Friday, scientists are set to unleash a robotic "hound," dubbed Beagle 2, from its mother ship to hunt a tiny piece of Mars for the geochemical scent of past - and perhaps present - life.
Beagle 2's release from its mother ship - the Mars Express orbiter - will represent a milestone in an unprecedented international exploration of the red planet over the next month and a half.
If all goes as planned, the European Space Agency lander is set to touch down Dec. 25 to begin a six-month probe of the landscape around it. With its miniature chemistry and geology lab, Beagle 2 is the first craft since the US Viking missions in the mid-'70s to look for evidence of life.
Then in January, two US rovers the size of golf carts are scheduled to land and begin their respective three-month geological excursions to help read the history of Mars' climate.
That history is written in the chemical makeup of the planet's rocks and minerals, exposed like layers of a cake along many of its valley and crater walls. And it's key to answering a question that has captured the imagination of earthlings for nearly a century: Could Mars have hosted life, even if only in its simplest forms?
"Mars is something magic on both sides of the Atlantic," says Agustin Chicarro, the project scientist for the Mars Express/Beagle 2 mission. The lander was named after the ship that carried Darwin on his voyage of exploration.
Mars also can be an unforgiving destination. On Dec. 9, the Japanese announced that its Nozomi spacecraft, which was due to move into an orbit above Mars' equator, would be left in its current orbit around the sun.
Launched in 1998, Nozomi was supposed to conduct joint experiments with Mars Express, which will move into orbit around the Martian poles after it lets Beagle 2 loose. But Japan's Institute of Space and Astronomical Science lost contact with Nozomi after a solar flare fried some of its circuits. Efforts to restore communications failed.
ESA has selected a basin just above the Martian equator for Beagle 2's landing spot. It's something of a geological crossroads, Dr. Chicarro explains. Volcanic formations lie to the west, while geologically older terrain lies to the south. The basin itself may have been a shallow lake at one time, and therefore may contain sedimentary rocks. The object that created the basin on impact would have spread enough debris across the countryside to give scientists a veritable smorgasbord of rocks from which to select for Beagle 2's investigations.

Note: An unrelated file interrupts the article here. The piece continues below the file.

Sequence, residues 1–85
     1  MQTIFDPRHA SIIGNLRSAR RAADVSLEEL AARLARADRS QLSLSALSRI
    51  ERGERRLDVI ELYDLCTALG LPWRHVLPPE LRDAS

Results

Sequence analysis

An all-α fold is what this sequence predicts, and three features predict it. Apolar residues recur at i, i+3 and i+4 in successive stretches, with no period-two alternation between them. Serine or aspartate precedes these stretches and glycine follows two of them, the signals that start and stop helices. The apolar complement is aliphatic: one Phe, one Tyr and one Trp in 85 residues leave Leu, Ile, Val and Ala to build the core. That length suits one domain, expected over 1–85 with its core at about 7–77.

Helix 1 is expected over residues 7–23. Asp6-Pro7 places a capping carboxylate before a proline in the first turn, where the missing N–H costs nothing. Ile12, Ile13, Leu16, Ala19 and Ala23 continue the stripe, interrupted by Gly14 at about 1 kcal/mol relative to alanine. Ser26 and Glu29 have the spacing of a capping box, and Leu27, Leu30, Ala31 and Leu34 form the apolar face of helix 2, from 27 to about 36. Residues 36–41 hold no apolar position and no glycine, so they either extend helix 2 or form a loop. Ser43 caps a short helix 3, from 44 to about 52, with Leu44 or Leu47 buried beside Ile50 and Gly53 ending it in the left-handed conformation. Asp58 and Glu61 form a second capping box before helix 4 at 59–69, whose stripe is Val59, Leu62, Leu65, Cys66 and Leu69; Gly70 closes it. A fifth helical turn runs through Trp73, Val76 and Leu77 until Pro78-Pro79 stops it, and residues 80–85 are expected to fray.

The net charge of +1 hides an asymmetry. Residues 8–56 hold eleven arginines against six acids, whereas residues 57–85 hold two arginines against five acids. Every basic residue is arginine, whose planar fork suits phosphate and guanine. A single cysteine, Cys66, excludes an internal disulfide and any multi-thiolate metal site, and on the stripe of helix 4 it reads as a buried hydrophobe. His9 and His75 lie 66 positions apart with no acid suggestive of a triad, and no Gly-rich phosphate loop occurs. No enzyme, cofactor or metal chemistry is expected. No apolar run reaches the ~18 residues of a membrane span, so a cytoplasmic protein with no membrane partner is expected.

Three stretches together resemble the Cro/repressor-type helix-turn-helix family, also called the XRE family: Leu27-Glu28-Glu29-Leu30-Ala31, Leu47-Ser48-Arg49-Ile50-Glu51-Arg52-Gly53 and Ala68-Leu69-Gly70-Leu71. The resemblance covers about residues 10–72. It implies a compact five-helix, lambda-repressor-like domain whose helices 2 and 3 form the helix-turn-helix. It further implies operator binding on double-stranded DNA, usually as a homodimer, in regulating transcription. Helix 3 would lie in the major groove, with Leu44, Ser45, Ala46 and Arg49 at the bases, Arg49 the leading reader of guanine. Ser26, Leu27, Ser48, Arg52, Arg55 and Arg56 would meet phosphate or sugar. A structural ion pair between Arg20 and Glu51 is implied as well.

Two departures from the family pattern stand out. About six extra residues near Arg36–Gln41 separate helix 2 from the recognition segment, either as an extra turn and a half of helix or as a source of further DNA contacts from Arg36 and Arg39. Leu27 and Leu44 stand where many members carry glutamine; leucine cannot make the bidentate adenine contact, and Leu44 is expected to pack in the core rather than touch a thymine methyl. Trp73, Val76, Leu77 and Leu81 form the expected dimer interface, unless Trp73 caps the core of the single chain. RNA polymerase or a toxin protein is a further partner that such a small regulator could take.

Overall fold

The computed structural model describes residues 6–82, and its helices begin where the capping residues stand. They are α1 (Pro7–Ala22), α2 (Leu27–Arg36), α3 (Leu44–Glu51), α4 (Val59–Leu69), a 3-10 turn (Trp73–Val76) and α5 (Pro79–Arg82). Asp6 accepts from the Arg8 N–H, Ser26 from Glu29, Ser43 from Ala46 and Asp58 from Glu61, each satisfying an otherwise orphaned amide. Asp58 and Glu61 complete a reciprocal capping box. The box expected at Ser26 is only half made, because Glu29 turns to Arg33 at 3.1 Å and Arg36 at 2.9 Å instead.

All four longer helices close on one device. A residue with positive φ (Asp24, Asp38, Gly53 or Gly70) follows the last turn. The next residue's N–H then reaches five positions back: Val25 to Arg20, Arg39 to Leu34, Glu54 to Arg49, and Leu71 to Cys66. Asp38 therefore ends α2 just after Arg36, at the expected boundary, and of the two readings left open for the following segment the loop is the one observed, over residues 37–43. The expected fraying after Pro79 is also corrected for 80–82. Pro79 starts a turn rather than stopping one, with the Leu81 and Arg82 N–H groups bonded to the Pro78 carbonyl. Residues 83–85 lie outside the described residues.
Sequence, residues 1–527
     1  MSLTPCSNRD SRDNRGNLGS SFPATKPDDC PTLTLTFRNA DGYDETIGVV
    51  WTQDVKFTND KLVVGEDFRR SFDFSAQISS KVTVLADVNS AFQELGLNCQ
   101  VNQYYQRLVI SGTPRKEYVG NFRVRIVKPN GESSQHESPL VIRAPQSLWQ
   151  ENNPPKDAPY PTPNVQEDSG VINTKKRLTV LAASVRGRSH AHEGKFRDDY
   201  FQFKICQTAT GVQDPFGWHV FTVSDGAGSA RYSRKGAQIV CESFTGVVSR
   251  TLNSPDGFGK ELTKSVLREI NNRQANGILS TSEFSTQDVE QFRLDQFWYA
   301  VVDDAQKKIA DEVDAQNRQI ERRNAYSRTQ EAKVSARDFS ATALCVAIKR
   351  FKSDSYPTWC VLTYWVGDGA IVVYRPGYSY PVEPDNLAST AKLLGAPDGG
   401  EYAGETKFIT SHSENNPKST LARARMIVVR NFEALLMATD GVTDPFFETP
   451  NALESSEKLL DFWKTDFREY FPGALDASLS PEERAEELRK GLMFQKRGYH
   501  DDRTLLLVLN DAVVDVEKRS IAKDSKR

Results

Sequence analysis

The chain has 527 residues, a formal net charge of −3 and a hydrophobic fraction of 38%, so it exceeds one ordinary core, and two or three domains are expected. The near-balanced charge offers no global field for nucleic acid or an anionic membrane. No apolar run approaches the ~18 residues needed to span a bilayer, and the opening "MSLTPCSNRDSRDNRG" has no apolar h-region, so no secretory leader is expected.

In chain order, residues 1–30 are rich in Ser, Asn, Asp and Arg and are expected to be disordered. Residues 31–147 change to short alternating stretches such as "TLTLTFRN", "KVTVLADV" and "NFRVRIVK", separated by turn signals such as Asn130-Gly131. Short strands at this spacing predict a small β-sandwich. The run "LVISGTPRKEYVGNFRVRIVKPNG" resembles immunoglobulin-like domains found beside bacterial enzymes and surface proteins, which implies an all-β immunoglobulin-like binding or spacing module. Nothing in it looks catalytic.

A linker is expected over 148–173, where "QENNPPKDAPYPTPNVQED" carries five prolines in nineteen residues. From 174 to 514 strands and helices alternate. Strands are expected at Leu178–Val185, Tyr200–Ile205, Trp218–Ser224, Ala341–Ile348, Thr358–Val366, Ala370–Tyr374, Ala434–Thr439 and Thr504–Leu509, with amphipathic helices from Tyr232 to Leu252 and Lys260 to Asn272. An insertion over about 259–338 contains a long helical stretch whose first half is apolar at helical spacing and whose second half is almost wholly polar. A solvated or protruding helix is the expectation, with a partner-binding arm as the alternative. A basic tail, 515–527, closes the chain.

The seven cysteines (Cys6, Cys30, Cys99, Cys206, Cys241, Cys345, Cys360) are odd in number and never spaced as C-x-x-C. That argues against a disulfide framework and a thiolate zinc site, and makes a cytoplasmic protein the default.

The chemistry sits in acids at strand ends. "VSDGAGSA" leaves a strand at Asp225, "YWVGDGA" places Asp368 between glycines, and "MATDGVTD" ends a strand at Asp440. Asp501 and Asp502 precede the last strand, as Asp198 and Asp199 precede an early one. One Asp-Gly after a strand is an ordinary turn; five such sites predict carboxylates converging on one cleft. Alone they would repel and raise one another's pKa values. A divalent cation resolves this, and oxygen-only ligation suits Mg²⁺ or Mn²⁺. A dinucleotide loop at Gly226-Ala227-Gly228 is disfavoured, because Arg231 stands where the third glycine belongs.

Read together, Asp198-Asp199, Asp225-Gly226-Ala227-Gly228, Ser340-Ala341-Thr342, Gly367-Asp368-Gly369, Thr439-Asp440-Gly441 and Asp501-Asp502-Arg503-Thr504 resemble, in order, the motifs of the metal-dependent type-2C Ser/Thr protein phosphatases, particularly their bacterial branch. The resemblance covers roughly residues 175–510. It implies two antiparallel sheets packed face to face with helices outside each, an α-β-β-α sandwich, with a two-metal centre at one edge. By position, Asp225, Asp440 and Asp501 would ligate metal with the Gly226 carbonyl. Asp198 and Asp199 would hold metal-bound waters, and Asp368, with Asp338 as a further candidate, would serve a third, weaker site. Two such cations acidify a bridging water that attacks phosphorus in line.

But while geology may be the focus for planetary scientists, much of the world will be holding its breath to see if the 32-kilogram (71-pound) lander's kit of coring and grinding tools, chemistry lab, and other sensors can detect evidence of current or past life.
That prospect seemed less likely after the Viking missions. The two landers found no evidence of life in cultures they tried to nurture from soil samples from the Martian surface. But they searched in only two sites, and their samples came from the first few millimeters of soil - well within the sterilizing range of the sun's ultraviolet radiation.
Since then, however, biologists have found an increasing number of simple life forms on Earth in places with the same cold and dry conditions found on Mars. And geological evidence from two US orbiters currently circling the planet - Mars Global Observer and Mars Odyssey - suggest that water or ice deposits may lie just below the Martian surface in some regions.
Beagle 2 will dig deeper than the Viking experiments. It will drill cores up to 1.5 meters (about 5 feet) deep, where the sterilizing radiation from the sun doesn't reach. Samples will be gasified in several small onboard ovens, and the effluent passed through a device that analyzes the gas's chemical composition. In addition, Beagle 2 will sample the atmosphere in its vicinity.
"Some have suggested that if we find methane, even in minute traces" at the surface, "this would be a telltale sign of existing life," Chicarro says. "Methane is stable at the surface for only about four days" before it combines with oxygen to form other compounds. Thus it would need to be constantly replenished to be detected over longer periods of time.
From the baked core samples, researchers hope to tease out the ratio of two forms of carbon: carbon 12 and carbon 13. Because life appears to prefer the lighter carbon 12, researchers will be looking to see if the ratio heavily favors the lighter form.
Meanwhile, the Mars Express orbiter will be circling the planet, probing to depths of up to five kilometers with a radar designed to detect water or ice deep beneath the surface. It will be taking a variety of atmospheric measurements as well.
Meanwhile, two of NASA's newest Martian SUVs are slated to land Jan. 4 and Jan. 25 in locations that, at first blush, suggest water once sat for long periods on the surface. Gusev Crater boasts a 900-kilometer long valley that appears to slice through the crater rim. This suggests to some researchers that the channel may have been cut by water that eventually filled the crater.
If so, it may host sediment layers that could bear geochemical evidence of water bound to them.
The second target is a plain called Meridiani Planum, which is covered with the mineral hematite. On Earth, hematite is often linked to water.
Thus, researchers are interested in trying to determine the source of the deposits, which cover the plain - one of the flattest places on Mars.
Perhaps as intriguing as what researchers hope to find is what they discover serendipitously when their robotic surrogates get there.
Already, images coming back from Mars Global Surveyor and Mars Odyssey are turning long-held views of Mars on their heads.
"Almost everyone is talking about the Mars we've known since Mariner 9," says Ken Edgett, a scientist at Malin Space Science Systems in San Diego. And that, he adds, is "a different planet from the one we're now discovering."